Why the Red Delicious No Longer Is

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By Adrian Higgins
Washington Post Staff Writer
Friday, August 5, 2005

Consider the fate of America's favorite apple. It emerged from an Iowa orchard in 1880 as a round, blushed yellow fruit of surpassing sweetness.

But like a figure in a TV makeover show, it was an apple that its handlers could not leave alone. They altered its shape. They made it firmer and more juicy. They made it so it could be stored in hermetically sealed warehouses for 12 months. Along the way, they changed its color and hence its name -- to Red Delicious.

The only problem was the American consumer, whose verdict on the made-over apple has become increasingly clear: Of the two words in the Red Delicious name, one can no longer be believed.

"They eventually went too far and ended up with apples the public didn't want to eat," said Lee Calhoun, an apple historian and retired orchardist in Pittsboro, N.C.

In the 1980s heyday of the Red Delicious, it represented three-quarters of the harvest in Washington state, epicenter of the apple industry. By 2000, it made up less than half, and in 2003, the crop had shrunk to just 37 percent of the state's harvest of 103 million boxes. Red Delicious remains the single largest variety produced in the state, but others are ascending in market share as rapidly as Red Delicious is dropping, notably Fuji and Gala.

The reliance on Red Delicious helped push Washington's apple industry to the edge in the late 1990s and into this decade. Depressed prices for Red Delicious, weaker foreign markets and stiffer competition from abroad, including apple concentrate from China, contributed to major losses in the nation's apple industry, which mounted to $700 million in 2001, according to the U.S. Apple Association. The industry has recovered somewhat since then, in part because reduced harvests have buoyed prices.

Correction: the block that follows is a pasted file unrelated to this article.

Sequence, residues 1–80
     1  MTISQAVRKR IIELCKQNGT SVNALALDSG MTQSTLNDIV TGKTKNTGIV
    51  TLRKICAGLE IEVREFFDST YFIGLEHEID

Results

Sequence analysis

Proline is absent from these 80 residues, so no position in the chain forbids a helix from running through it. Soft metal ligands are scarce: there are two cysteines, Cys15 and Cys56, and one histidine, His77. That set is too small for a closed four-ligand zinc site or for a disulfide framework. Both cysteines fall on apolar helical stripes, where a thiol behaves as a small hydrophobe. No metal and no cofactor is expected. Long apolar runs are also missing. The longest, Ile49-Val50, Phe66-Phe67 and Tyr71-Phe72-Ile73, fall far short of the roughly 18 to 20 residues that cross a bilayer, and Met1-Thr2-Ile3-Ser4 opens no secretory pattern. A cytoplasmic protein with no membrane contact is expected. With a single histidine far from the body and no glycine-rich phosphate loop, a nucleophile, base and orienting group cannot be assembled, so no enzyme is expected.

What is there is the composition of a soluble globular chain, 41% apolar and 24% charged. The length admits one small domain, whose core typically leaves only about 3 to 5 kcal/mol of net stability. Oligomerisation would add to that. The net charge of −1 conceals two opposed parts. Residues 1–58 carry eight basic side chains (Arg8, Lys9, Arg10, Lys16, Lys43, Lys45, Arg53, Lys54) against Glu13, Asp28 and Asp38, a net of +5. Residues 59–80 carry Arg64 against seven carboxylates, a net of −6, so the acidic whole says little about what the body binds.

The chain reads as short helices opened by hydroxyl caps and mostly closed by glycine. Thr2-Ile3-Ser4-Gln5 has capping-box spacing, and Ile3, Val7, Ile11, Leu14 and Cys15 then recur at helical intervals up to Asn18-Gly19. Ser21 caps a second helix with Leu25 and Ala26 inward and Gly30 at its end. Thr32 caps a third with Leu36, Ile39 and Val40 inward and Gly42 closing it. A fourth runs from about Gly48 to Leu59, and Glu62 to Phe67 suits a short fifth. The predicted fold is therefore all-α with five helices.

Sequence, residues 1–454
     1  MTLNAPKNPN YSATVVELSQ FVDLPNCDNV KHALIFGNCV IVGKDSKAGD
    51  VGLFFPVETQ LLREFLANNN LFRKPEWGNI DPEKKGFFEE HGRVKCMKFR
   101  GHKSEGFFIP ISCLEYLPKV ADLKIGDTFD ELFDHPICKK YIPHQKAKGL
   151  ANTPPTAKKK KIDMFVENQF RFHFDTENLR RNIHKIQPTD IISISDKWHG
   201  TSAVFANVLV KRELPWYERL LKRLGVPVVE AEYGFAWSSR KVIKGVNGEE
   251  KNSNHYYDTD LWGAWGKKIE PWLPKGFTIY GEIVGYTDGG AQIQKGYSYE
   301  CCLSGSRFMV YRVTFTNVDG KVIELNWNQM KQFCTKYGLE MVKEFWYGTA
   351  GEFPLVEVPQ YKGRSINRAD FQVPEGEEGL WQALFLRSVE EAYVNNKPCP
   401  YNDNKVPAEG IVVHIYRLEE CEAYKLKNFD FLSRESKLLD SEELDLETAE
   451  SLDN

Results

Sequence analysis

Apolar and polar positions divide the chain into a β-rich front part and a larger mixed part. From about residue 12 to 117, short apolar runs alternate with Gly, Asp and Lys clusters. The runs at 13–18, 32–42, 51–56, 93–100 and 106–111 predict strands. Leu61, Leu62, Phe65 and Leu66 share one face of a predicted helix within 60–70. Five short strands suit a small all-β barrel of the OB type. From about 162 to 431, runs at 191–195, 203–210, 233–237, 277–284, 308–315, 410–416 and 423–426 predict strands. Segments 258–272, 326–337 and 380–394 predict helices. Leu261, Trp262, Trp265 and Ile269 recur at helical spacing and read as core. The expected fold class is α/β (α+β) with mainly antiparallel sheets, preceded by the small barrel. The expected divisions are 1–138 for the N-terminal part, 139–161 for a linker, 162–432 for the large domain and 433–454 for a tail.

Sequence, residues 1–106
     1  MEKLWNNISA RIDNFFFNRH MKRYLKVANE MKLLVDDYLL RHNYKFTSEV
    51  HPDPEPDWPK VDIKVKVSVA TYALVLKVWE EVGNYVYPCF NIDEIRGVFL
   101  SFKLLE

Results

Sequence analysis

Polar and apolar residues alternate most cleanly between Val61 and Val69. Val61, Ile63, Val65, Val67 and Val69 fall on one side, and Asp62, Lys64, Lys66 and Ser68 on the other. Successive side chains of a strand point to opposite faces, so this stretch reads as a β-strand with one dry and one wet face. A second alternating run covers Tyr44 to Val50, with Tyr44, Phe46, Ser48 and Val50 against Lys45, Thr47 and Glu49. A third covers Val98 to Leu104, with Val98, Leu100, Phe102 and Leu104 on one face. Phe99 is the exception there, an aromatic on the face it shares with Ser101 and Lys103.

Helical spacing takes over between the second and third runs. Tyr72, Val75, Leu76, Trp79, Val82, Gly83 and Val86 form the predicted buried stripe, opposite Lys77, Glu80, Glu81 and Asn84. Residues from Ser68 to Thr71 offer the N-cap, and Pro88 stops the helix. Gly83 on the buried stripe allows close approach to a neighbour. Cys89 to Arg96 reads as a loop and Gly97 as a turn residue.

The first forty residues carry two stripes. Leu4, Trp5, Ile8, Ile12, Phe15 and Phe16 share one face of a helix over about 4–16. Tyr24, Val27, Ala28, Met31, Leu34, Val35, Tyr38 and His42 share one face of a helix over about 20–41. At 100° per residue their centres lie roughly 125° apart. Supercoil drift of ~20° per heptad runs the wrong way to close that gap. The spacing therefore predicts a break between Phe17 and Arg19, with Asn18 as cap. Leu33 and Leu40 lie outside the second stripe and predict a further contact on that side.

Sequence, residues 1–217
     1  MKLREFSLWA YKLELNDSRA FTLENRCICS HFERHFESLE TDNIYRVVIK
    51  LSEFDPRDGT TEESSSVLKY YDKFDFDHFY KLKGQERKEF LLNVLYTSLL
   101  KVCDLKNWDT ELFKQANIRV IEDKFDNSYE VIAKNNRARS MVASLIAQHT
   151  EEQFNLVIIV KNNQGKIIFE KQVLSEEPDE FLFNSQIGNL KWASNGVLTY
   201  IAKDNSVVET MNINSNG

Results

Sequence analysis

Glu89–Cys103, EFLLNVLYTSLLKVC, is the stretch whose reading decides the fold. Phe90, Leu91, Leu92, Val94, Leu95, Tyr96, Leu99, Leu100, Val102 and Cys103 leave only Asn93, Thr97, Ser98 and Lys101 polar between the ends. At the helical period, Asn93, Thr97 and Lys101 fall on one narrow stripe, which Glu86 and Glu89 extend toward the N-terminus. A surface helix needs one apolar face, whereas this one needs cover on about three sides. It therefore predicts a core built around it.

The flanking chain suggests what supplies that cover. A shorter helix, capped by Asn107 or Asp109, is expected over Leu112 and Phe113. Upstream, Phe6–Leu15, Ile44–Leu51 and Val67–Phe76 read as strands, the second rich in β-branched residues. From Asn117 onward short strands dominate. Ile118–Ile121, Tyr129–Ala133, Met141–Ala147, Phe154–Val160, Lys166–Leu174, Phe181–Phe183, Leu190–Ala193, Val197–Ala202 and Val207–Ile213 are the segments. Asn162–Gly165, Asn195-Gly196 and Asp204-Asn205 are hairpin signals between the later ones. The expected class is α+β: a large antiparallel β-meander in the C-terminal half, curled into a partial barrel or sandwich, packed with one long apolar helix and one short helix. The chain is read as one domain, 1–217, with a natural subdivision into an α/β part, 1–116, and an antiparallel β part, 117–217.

Who's to blame for the decline of Red Delicious? Everyone, it seems. Consumers were drawn to the eye candy of brilliantly red apples, so supermarket chains paid more for them. Thus, breeders and nurseries patented and propagated the most rubied mutations, or "sports," that they could find, and growers bought them by the millions, knowing that these thick-skinned wonders also would store for ages.

"Did they do it because it has less flavor? Obviously not," said Eugene M. Kupferman, a post-harvest specialist at Washington State University's tree fruit research center in Wenatchee, Wash. "They did it because it has better legs and they are getting more money for it."

The Washington harvest begins in mid-August and runs to late October, and most apples sold through December are simply stored in refrigerated warehouses. Fruit shipped later in this cycle is kept in a more sophisticated environment called controlled-atmosphere storage -- airtight rooms where the temperatures are chilly, the humidity high and the oxygen levels reduced to a bare minimum to arrest aging. Last year's fruit will be sold through September, just as the new harvest is in full swing.

Storage apples must be picked before all their starches turn to sugar. Pick too late, and the apple turns mealy in the supermarket, but pick too soon, and the apple will never taste sweet. Growers test for optimum conditions, but today's popular strains of Red Delicious turn color two to three weeks before harvest, making it difficult for pickers to distinguish an apple that is ready from one that isn't.

Some strains "develop full red color in mid-August," said Stephen S. Miller, a research horticulturist for the USDA's Appalachian Fruit Research Station in Kearneysville, W.Va. "Physiologically, that apple is still as green as grass."

The grower could deliver a better apple by harvesting a tree in two or three waves -- the outside fruit ripens earlier than fruit in the center of the tree. This is done for Galas and other premium varieties, but the prices for Red Delicious are so depressed that farmers can't afford that. "You would put yourself out of business," said Roger Pepperl, marketing director for Stemilt Growers Inc., a major grower in Wenatchee. In addition, the redder strains' thicker skins, found to be rich in antioxidants, taste bitter to many palates.


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© 2005 The Washington Post Company

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